Persistent Activists Force Out Military Recruiters

What happens when an army recruitment center is besieged by activists? In a recent case in Kingston, NY, the recruiters were forced to move. Although the recruitment center has been given 90 days to find a new location, Kingston peace activists look forward to celebrating the eviction of an Army recruitment storefront in a local strip mall.

It took four years of weekly peace demonstrations, sometimes resulting in arrests for trespassing, and eventually weathering a NYS Supreme Court case and a lawsuit. In February, the Kings County Mall chose to not renew the Army recruitment center's lease rather than continue its costly lawsuit meant to keep activists away and obtain monetary damages for hurting business. "The Kings Mall is evicting the military recruiting center because they [the recruiters] do not want members of the public to exercise their Constitutional rights to peacefully assemble to protest their government's actions." says Jay Wenk, a World War II Veteran.

It all started in March of 2005 when Mr. Wenk began vigiling outside the recruitment center doors holding signs and distributing counter-recruitment literature. After several solitary visits, he was soon joined by other activists and the vigils expanded to up to 40 people. Sometimes they read the names of US soldiers killed in Iraq and Afghanistan and displayed pictures of the devastation caused by the Iraq War.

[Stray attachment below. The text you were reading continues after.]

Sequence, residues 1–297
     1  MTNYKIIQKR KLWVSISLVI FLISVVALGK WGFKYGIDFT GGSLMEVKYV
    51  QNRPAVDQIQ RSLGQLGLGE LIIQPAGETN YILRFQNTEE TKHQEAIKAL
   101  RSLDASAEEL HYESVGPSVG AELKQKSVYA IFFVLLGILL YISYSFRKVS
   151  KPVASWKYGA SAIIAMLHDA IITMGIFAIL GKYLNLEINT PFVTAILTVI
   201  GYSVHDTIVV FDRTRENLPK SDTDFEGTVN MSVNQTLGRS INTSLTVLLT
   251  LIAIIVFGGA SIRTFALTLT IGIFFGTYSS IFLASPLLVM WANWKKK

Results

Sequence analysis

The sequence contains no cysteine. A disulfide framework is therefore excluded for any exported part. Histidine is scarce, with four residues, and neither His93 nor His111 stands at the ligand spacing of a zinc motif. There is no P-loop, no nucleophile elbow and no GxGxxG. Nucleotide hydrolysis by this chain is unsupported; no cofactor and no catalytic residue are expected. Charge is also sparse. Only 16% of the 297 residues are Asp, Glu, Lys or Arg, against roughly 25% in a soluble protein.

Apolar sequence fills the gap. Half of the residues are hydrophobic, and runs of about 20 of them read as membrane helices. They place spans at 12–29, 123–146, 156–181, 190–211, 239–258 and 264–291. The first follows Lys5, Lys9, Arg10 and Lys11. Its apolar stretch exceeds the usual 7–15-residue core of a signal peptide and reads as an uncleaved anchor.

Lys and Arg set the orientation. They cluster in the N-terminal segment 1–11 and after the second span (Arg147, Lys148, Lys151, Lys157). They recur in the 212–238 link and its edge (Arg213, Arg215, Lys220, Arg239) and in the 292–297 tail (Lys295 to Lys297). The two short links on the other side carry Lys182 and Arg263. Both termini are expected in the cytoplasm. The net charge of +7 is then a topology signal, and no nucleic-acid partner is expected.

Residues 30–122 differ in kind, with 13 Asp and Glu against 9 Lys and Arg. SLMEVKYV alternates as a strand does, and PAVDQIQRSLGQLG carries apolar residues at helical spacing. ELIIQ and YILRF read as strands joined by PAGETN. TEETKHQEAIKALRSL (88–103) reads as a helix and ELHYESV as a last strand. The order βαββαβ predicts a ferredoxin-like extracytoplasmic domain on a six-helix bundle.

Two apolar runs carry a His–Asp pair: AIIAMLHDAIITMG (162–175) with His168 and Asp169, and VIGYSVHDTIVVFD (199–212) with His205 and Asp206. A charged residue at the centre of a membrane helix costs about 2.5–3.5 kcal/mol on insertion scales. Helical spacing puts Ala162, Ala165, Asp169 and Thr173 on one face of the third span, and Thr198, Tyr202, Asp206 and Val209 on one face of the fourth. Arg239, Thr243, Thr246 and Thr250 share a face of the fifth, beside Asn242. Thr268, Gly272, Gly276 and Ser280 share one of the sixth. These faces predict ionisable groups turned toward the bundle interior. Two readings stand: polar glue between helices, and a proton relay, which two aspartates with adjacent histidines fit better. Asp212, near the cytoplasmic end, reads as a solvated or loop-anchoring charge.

Citing constitutional concerns, the district attorney refused to prosecute Wenk for seven arrests for trespassing, disorderly conduct and harassment. The case led to a NYS Supreme Court case. The court ruled that citizens had a right to demonstrate on privately owned property because a government office was renting there (setting an important precedent) but also placed several time, place and manner restrictions. Demonstrators could only appear one day a week during certain hours, they had to move outdoors instead of their usual indoor location directly at the doors of the recruitment center, and they could not display photographs.

Eventually the mall filed a civil suit against seven protesters, seeking to bar them from the property and seeking $50,000 in lost business. The suit is on hold however in light of the decision to evict the recruitment center. "Wherever the recruiters go, we will follow them." promises Jay Wenk.

-Amber Coon